All the books i have checked out of the local library (and university) are either child simplistic, or studies on ways of minimizing costs in a production environment.

            I haven't been able to find anything that talks about bevel, root gap size, bead laying etc, in any kind of systematic way.

            these two videos are pretty interesting.
            Transition of arc weld from short circuit to spray mode of transfer (clip from ESAB).WPSAmerica.com

            http://www.youtube.com/watch?v=HL2H79cgDuo
            Thanks Dan.

            That's good work that would do for most folks.

            To see it better, sand/grind/polish some of those faces in your pics and acid-etch them (almost any "acid" will do) and you will see the changes in colour and boundaries that will tell you how it went. The "miss" or "inclusions" at the roots will do for most jobs.

            Torker is pretty well the subject matter expert here and really knows his stuff and really goes out of his way to help - which he is very good at.

            A lot of reading, a lot of practice, more reading, more practice etc.

            Anyway, some of these links should help.

            Photo courtesy of AlcoTec Wire Corp.Motorcycle- and hot rod-building shows on TV have put welding in a very positive light lately. In fact, Jesse James, the






            How to mig weld. Setting up the welder, close up videos of welds being layed, and some standard techniques.

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            • #7
              Dont weave at all. Unless you have a tractor with a weaving feature. Most people can not do it with enough repeatably to do it consistently.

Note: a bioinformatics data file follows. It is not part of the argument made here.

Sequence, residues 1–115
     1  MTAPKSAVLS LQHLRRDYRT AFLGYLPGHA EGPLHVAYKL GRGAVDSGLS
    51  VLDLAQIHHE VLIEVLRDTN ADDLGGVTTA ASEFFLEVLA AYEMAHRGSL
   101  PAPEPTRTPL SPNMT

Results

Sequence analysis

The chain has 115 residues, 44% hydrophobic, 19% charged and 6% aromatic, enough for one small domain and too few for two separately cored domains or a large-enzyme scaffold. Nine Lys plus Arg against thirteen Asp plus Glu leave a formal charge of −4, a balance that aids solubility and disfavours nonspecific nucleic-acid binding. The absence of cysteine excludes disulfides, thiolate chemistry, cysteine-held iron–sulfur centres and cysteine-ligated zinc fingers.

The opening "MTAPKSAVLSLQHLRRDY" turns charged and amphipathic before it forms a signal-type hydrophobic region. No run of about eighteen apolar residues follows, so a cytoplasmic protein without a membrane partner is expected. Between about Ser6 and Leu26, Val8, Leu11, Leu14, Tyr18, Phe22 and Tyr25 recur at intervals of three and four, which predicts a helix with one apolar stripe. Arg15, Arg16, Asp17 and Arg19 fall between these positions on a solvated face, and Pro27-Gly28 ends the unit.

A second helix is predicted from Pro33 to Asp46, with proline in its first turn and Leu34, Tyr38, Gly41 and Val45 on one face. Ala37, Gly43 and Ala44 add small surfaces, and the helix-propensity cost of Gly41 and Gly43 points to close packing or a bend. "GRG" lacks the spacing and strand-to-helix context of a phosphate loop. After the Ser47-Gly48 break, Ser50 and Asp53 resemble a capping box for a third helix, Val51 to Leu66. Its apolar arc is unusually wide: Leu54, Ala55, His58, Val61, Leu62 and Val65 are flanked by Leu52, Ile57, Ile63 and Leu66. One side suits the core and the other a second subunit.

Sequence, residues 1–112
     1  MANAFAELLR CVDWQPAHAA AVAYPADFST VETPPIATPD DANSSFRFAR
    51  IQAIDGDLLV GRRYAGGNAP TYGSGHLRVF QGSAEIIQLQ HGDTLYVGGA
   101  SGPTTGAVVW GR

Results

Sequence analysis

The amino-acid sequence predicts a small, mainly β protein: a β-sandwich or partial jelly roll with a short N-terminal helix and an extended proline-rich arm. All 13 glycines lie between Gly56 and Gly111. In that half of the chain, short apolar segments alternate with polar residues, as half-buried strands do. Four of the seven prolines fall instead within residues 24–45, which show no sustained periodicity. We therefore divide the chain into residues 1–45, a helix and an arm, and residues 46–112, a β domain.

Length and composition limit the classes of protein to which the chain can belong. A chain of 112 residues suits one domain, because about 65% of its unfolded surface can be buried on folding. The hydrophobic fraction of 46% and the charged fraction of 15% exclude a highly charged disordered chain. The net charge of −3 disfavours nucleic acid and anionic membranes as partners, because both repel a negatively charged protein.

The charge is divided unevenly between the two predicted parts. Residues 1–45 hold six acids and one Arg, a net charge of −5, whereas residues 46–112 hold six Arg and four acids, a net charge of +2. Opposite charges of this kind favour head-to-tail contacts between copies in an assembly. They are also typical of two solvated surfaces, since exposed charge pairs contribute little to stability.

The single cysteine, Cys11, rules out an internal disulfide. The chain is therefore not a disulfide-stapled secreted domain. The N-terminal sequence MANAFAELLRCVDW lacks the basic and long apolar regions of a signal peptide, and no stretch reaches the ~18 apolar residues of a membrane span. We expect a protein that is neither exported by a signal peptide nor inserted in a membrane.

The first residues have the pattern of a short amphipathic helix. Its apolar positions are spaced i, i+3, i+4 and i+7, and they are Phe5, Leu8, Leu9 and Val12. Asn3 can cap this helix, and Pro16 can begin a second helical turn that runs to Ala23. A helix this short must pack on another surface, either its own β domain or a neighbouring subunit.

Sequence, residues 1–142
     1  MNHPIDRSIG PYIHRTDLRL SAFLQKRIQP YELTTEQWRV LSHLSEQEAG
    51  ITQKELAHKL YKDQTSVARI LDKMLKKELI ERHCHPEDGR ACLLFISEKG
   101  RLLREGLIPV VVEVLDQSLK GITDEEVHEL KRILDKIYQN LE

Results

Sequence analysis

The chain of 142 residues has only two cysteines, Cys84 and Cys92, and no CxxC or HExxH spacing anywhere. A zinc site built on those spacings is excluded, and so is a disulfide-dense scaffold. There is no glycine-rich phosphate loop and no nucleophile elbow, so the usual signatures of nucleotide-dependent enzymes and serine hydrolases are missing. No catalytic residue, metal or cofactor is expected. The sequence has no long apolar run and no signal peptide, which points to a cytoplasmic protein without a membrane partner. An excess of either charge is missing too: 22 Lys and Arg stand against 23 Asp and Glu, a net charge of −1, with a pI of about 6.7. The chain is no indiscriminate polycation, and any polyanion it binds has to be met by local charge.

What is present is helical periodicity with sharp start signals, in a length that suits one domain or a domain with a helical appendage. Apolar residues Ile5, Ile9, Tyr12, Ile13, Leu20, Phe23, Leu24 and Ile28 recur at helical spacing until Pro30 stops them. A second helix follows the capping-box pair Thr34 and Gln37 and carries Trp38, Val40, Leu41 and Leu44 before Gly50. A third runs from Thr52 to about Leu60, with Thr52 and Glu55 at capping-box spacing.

MIG, Flux Cored & TIP TIP weld process controls, tips and welding practices. As well as Manual, Robot, MIG - TIG - Flux Cored and TIP TIG welding.

              Comment


              • #8
                the right hand flank showed a bit of undercut, watch the amps, you dont realy need to weave more than the width of the weld unless your trying to plug a big gap, then that wouldent realy be a good idea. on the whole a brilliant first effort, mine looked like seagull **** splatered on a windsheild according to my instructor!
                keep at it [you can try running a chalk along the weld it does help, reflects uv etc and gives you some reference point in an otherwise dark world]
                regards
                mark

                Comment


                • #9
                  That's a gold star for your first attempt . I tend to not see the workpiece or the nozzle. I have an automatic helmet should I adjust it more so as I can see better what I am doing that's definitely my problem any advice welcome.Alistair
                  Please excuse my typing as I have a form of parkinsons disease

                  Comment


                  • #10
                    Weaving is entirely acceptable in most industries...in the flat, verticle and overhead positions.....never in horizontal.
                    I have tools I don't even know I own...

                    Comment


                    • #11
                      Alister,

                      what setting do you have your shield set at?



                      Originally posted by Alistair Hosie
                      That's a gold star for your first attempt . I tend to not see the workpiece or the nozzle. I have an automatic helmet should I adjust it more so as I can see better what I am doing that's definitely my problem any advice welcome.Alistair
                      -Dan S.
                      dans-hobbies.com

                      Comment


                      • #12
                        [QUOTE=dan s]